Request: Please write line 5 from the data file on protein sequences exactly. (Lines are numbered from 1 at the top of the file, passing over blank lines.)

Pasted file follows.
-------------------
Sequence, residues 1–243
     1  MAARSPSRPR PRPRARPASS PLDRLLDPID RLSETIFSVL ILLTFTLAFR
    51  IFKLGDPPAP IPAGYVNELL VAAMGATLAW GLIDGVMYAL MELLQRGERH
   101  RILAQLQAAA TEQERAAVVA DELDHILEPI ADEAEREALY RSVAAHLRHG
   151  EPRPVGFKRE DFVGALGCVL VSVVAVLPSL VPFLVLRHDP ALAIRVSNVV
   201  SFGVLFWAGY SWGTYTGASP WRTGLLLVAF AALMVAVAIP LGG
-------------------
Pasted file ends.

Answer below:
   151  EPRPVGFKRE DFVGALGCVL VSVVAVLPSL VPFLVLRHDP ALAIRVSNVV